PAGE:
22 October 2020
By Tom Collins
Clean air helps prevent the spread of respiratory viruses like COVID19
Eirdata (a company which mostly works with pharmaceutical, medical devices and healthcare sectors) recently undertook a nationwide survey with Engineers Ireland to see how ventilation affects indoor air quality, makes the workplace healthier and reduces the risk of Covid-19 transmission.
Specialists in cleanroom validation, commissioning and compliance, HVAC systems, indoor air quality and building wellness, Eirdata – which is part of the ESS group, boasting office in Cork, Limerick, and Dublin – surveyed their client companies and the 24,000 members of Engineers Ireland. With indoor air quality recognised as an integral contributing factor toward employee wellness, health and safety, Eirdata were keen to gather valuable market intelligence and insights to the issues and trends.
Commenting on the survey Bernard Yore, Group CEO, Eirdata Ltd & ESS Ltd said:
“Over 75% of respondents believe that indoor air quality and ventilation is important or very important in their organisation. However, our results show nearly 50% of those surveyed have not even had a discussion around how to ensure their workplaces are safe. Again, over half of respondents (53%) rate their indoor air quality and ventilation as poor or average. This is very worrying, not just from a Covid-19 perspective but also from an individuals wellbeing.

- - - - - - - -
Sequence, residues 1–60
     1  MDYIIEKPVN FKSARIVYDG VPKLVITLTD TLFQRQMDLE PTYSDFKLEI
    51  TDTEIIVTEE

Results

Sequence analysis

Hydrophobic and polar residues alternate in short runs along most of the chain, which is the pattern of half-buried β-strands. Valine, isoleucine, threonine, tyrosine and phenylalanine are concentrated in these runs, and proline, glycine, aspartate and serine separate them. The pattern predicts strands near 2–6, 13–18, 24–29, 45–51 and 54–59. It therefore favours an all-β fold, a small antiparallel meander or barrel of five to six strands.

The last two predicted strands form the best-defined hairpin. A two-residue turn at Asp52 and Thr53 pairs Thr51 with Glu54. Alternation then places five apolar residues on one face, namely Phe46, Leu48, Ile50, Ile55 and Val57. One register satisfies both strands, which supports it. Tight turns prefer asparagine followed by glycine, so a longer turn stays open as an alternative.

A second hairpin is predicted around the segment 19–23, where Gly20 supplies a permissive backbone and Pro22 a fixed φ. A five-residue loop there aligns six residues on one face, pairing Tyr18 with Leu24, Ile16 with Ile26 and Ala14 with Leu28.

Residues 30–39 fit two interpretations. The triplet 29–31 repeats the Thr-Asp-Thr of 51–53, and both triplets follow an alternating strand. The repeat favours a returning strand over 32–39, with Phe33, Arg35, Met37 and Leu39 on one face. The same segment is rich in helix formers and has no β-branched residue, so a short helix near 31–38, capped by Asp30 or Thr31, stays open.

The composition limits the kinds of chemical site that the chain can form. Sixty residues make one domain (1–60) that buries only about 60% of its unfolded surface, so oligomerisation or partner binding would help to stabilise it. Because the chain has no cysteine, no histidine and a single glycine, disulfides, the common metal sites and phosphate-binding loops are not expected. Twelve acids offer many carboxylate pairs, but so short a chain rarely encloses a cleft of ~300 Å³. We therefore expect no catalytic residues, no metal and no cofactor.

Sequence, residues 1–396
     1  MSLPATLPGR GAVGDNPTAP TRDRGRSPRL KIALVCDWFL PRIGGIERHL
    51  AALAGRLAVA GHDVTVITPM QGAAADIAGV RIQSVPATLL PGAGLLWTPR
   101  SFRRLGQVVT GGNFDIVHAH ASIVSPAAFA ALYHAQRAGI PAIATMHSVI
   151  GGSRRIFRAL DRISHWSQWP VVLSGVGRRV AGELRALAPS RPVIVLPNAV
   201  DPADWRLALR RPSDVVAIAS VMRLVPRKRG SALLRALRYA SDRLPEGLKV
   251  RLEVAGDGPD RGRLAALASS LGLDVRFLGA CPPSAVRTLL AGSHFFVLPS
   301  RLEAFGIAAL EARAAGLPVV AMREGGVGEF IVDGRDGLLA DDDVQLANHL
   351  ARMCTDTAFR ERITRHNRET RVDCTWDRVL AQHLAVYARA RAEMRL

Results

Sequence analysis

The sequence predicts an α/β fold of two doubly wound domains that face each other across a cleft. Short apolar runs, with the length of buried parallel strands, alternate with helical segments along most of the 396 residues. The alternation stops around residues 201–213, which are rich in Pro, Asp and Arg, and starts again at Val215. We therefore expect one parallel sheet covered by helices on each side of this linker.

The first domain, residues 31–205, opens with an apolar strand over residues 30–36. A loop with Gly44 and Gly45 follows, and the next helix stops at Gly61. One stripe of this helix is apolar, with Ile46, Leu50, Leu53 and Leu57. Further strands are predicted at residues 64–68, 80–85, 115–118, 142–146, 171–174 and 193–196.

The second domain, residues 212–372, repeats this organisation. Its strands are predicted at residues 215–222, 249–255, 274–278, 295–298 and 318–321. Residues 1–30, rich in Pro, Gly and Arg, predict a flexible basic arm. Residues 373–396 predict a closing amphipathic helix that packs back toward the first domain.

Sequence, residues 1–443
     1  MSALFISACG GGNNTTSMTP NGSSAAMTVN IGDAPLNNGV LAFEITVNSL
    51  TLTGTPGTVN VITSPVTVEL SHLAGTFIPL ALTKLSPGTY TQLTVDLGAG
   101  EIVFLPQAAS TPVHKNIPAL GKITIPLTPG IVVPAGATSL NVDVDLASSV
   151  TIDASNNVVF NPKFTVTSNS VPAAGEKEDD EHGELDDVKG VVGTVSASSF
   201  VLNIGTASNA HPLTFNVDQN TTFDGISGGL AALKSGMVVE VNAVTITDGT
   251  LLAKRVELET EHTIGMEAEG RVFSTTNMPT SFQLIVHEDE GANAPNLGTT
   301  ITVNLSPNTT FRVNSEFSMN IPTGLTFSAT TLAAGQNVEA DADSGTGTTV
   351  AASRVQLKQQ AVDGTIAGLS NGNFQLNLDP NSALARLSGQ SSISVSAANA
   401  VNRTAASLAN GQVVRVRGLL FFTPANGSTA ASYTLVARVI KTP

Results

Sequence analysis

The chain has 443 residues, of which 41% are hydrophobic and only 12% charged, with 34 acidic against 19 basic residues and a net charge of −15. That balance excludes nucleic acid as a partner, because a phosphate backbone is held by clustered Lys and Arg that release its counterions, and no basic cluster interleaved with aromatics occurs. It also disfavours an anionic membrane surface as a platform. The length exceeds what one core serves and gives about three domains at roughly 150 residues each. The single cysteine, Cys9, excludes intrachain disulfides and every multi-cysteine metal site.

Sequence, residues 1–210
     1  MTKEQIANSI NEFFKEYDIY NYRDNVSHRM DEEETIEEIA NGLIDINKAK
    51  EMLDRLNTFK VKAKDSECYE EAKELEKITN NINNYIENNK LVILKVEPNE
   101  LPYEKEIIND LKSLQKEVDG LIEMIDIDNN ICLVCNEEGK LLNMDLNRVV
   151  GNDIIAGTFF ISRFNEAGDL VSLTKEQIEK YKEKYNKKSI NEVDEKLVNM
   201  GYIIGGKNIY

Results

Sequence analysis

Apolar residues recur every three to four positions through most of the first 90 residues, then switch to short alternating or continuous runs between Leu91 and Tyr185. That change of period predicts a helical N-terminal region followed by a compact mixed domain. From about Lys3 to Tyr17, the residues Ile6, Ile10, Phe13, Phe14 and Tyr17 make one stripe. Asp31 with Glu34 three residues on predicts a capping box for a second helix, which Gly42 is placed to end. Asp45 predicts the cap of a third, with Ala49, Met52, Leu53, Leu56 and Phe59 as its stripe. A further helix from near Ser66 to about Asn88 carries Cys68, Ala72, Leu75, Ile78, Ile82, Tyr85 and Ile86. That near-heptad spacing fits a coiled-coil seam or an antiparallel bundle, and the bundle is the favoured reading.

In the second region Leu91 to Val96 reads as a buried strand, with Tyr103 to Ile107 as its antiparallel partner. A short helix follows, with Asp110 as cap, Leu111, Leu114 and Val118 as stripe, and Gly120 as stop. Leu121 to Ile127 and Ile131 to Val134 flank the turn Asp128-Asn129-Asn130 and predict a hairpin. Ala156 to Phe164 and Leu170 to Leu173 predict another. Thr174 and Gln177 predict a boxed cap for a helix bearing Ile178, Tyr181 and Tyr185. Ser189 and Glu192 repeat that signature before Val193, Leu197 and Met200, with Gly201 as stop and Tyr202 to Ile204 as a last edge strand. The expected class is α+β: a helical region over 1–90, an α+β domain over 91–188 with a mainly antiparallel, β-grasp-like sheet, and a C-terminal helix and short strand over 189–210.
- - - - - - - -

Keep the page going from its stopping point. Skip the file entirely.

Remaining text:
A really simple part of the solution to lower the concentrations of indoor air pollutants or contaminants including any viruses that may be in the air is to increase ventilation. Keep windows open if possible to allow outdoor air coming indoors. Whilst increasing ventilation is not enough to protect people from COVID-19 or any other respiratory disease, it is a simple tool, when used along with other best practices – it can reduce the risk. Also monitoring indoor air quality at least twice a year and preferably continually using sensors is a quick, inexpensive part of the solution”.
98% of respondents agree that their productivity, concentration and general wellbeing is a factor of the air they are breathing.
96% agree that indoor air quality and ventilation has a direct effect on energy consumption and efficiency.
Bernard Yore added,
“It is very encouraging to see 93% agree IAQ (Indoor Air Quality) sensors are useful devices to help assess whether adequate ventilation is being provided and will measure the air quality as it relates to the health and comfort of the building occupants. The sensors are small and can easily fit unobtrusively within any room/office area and remote monitoring is simple.
We know that failing to ventilate adequately to reduce the build-up of dangerous indoor air pollutants can lead to a range of serious health issues. The latest Environmental Protection Agency’s (EPA) Air Quality Report for 2019 estimated 1,300 people are prematurely dying each year in Ireland due to poor air quality. Poor air quality has short-term health implications such as headaches, breathing difficulties and eye irritation and long-term effects including asthma, reduced liver function or cardiovascular disease.
We spend so much of our day indoors, usually 90% or more, so I urge all organisations to check the ventilation in their workplaces. As experts in air quality, we know that if you look after the wellness of your building, this in turn will contribute to the good health and well-being of your team in the long-term”,
concluded Bernard Yore.